______________________________________Make Kettle: Oxidized lime procesed ossein 10.5 g deionized gelatin Nalco antifoam 0.7 ml Deionized water 3961 g pH adjusted to 1.85 Initial temperature 35° C. Growth temperature 60° C. Initial set point pAg = 9.63 Control set point pAg = 8.94Silver Solution: AgNO3 1.0 MSalt Solution: NaBr 1.0 MAuxiliary Salt KI 0.03 MSolution (Tandemwith Ag)______________________________________
The preparation was a triple jet make with an auxiliary salt solution of KI, whose flow was maintained in tandem with the silver flow. The Ag and the salt solutions were added to the kettle at rates of 53 and 56 ml/min, respectively, without controlling the pAg, in order to form nuclei under a twinning environment. Following nucleation for 30 sec, the pumps were stopped and the temperature was ramped to 60° C. over a period of 15 min. The nuclei were held at 60° C. for 3 min and then 1 liter of a solution containing 133.4 g of oxidized gelatin and 5.49 g of NaBr was dumped into the kettle. The pAg after the dump was 8.94. The pH was adjusted to 6.00 and then the Ag and the salt solutions were added to the kettle while controlling both the temperature and the pAg at the set points for a period of 63.5 min. The initial flow rate was 10 ml/min, ramped to 117 ml/min. The temperature was brought down to 40° C. after the make, and it was washed as described in Example-3 of reference (RA-29). The final gelatin concentration was made up to 40 g per mole of silver halide. 1.0 g of 4-chloro-3,5-xylenol was added as a preservative. Image analysis of this emulsion gave an equivalent circular grain diameter of 1200 nm and coated reflection measurement provided an average grain thickness of 45 nm. FIG. 7a shows an SEM picture of the grains of this emulsion.
50 g of emulsion of Example-6 (0.036 mole/L) was allowed to stand at 40° C. The supernatant was decanted off and replaced with an equal volume of deionized water. This mixture was then heated to 40° C. and 5 g of gel-g-latex 35% gel! of Example-2 was added to the emulsion. The pH was lowered to 3.6 and the mixture was allowed to stand. The supernatant was decanted and replaced with deionized water. This procedure was repeated twice more. The last time the emulsion was left in the concentrated form. The material was coated on a scanning electron microscope (SEM) stage, evaporation coated with gold/palladium for enhanced contrast. The SEM picture is shown in FIG. 6b. It is clearly seen that the gel-g-latex particles are attached to the surface of the AgCl crystals, with very few unattached gel-g-latex particles in the field. Even though this emulsion sample was not coated, it is expected that such emulsion grains would be photographically active, as the emulsion grains were prepared by normal and known gelatin precipitation procedures.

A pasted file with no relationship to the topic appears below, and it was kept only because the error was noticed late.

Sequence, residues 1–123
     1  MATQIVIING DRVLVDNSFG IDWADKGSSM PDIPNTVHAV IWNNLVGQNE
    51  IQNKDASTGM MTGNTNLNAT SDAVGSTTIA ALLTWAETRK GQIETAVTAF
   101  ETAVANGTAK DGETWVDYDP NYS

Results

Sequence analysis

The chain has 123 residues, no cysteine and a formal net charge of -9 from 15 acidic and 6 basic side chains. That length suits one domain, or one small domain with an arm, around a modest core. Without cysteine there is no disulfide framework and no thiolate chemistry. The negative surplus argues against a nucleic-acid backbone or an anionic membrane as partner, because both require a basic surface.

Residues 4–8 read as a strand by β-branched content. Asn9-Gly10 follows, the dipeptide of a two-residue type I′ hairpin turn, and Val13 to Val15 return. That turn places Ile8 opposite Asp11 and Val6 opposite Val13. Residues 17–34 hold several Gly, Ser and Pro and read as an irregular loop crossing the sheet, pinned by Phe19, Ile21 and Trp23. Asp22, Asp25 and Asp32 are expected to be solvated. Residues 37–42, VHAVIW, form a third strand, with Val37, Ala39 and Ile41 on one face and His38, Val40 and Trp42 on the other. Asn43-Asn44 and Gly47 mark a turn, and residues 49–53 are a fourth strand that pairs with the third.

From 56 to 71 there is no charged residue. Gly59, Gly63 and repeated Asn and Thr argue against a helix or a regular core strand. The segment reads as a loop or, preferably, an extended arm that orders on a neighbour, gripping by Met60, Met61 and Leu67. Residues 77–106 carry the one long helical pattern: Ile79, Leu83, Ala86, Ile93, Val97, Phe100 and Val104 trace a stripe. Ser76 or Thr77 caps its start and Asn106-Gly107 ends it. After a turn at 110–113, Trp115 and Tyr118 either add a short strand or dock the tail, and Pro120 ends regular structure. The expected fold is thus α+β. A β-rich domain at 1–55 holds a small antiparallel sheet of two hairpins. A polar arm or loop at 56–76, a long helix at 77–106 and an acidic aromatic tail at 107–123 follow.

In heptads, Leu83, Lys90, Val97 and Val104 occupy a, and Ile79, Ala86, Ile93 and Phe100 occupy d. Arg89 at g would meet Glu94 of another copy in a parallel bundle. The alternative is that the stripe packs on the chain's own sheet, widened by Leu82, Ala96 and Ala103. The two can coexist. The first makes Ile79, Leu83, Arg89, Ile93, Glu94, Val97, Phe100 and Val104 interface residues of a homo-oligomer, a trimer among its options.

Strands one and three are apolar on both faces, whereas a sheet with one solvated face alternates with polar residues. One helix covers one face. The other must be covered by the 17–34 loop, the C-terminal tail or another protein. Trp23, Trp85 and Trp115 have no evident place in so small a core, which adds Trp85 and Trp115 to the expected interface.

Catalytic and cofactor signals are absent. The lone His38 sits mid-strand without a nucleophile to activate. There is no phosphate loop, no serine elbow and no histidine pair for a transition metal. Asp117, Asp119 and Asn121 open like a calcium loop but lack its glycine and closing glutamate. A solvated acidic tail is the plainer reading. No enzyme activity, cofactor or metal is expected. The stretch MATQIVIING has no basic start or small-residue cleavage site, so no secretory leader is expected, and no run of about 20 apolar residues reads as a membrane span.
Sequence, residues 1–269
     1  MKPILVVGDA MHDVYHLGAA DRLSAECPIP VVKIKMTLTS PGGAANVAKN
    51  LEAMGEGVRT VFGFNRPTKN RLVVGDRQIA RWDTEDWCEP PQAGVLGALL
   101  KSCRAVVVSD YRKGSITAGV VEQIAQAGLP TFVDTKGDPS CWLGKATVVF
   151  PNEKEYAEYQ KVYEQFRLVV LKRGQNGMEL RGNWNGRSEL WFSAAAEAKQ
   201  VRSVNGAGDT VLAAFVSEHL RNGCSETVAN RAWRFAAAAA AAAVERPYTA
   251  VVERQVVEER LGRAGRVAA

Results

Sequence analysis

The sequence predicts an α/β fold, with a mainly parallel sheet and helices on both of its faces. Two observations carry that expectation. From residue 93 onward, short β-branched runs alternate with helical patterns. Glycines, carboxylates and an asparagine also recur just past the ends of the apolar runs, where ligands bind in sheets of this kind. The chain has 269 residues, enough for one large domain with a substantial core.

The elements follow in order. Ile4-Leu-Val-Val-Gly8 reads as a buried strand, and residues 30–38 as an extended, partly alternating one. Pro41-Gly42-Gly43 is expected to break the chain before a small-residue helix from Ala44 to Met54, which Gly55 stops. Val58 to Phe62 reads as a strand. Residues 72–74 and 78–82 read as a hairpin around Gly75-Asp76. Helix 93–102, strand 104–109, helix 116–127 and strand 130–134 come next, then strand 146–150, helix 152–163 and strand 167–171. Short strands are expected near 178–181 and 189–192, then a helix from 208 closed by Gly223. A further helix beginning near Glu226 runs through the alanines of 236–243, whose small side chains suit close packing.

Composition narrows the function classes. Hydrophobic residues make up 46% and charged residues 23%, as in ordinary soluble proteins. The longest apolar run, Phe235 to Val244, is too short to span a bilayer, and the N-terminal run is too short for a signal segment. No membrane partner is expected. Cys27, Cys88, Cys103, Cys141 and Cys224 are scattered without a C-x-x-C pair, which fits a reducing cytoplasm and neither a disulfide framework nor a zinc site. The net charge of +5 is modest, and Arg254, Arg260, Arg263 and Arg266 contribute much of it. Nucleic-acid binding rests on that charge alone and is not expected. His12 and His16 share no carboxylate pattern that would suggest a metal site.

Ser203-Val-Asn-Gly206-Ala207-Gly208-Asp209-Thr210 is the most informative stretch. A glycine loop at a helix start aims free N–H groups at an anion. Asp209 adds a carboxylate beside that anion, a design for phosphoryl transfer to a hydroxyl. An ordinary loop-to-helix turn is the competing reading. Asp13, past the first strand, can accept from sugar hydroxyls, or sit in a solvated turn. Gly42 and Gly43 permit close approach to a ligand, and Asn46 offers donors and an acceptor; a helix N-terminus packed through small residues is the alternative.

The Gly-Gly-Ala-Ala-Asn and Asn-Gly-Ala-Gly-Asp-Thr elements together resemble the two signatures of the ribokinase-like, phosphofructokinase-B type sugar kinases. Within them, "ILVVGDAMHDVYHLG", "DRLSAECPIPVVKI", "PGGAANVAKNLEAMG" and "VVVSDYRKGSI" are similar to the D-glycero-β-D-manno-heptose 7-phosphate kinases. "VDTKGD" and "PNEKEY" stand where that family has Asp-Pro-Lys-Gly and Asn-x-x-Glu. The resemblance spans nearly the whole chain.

0.05 g of sensitizing dye (compound II) ##STR2## was dissolved in 25 ml of methanol and was added to 0.05 moles of emulsion of Example-7 at 40° C. This mixture was heated from 40° C. to 60° C. in 12 min, held for 15 min at 60° C. and then chilled down to 40° C. 60 g of gel-g-latex of Example-5 was added at 40° C., followed by the dropwise addition of 3.3 ml of an 1.8% of bis(vinylsulfonylmethane) to the emulsion with stirring. It was held at 40° C. with stirring for 6 hrs. The emulsion was then chill set and stored at 4° C. FIG. 7b shows SEM pictures of the emulsion grains after gold/palladium coating. It shows definite attachment of the gel-g-latexes to the Ag halide grains. Since the emulsion was not isowashed, the unattached grains were not removed and are also seen along with the gel-g-latex attached emulsion grains. The experiments show the use of a gelatin hardener to attach the gel-g-latex particles to the preformed Ag halide grain surface, rather than by charge interaction by lowering of pH. FIG. 8 shows an enlarged view of the gel-g-latex attached emulsion grains of FIG. 7b. These grains were not coated and tested for photographic sensitivity, as such gelatin precipitated conventional grains are well known to be photographically active, and the material of this example is expected to be photographically active.
This invention has been described in detail with particular reference to preferred embodiments thereof, but it will be understood that variations and modifications can be effected within the spirit and scope of the invention.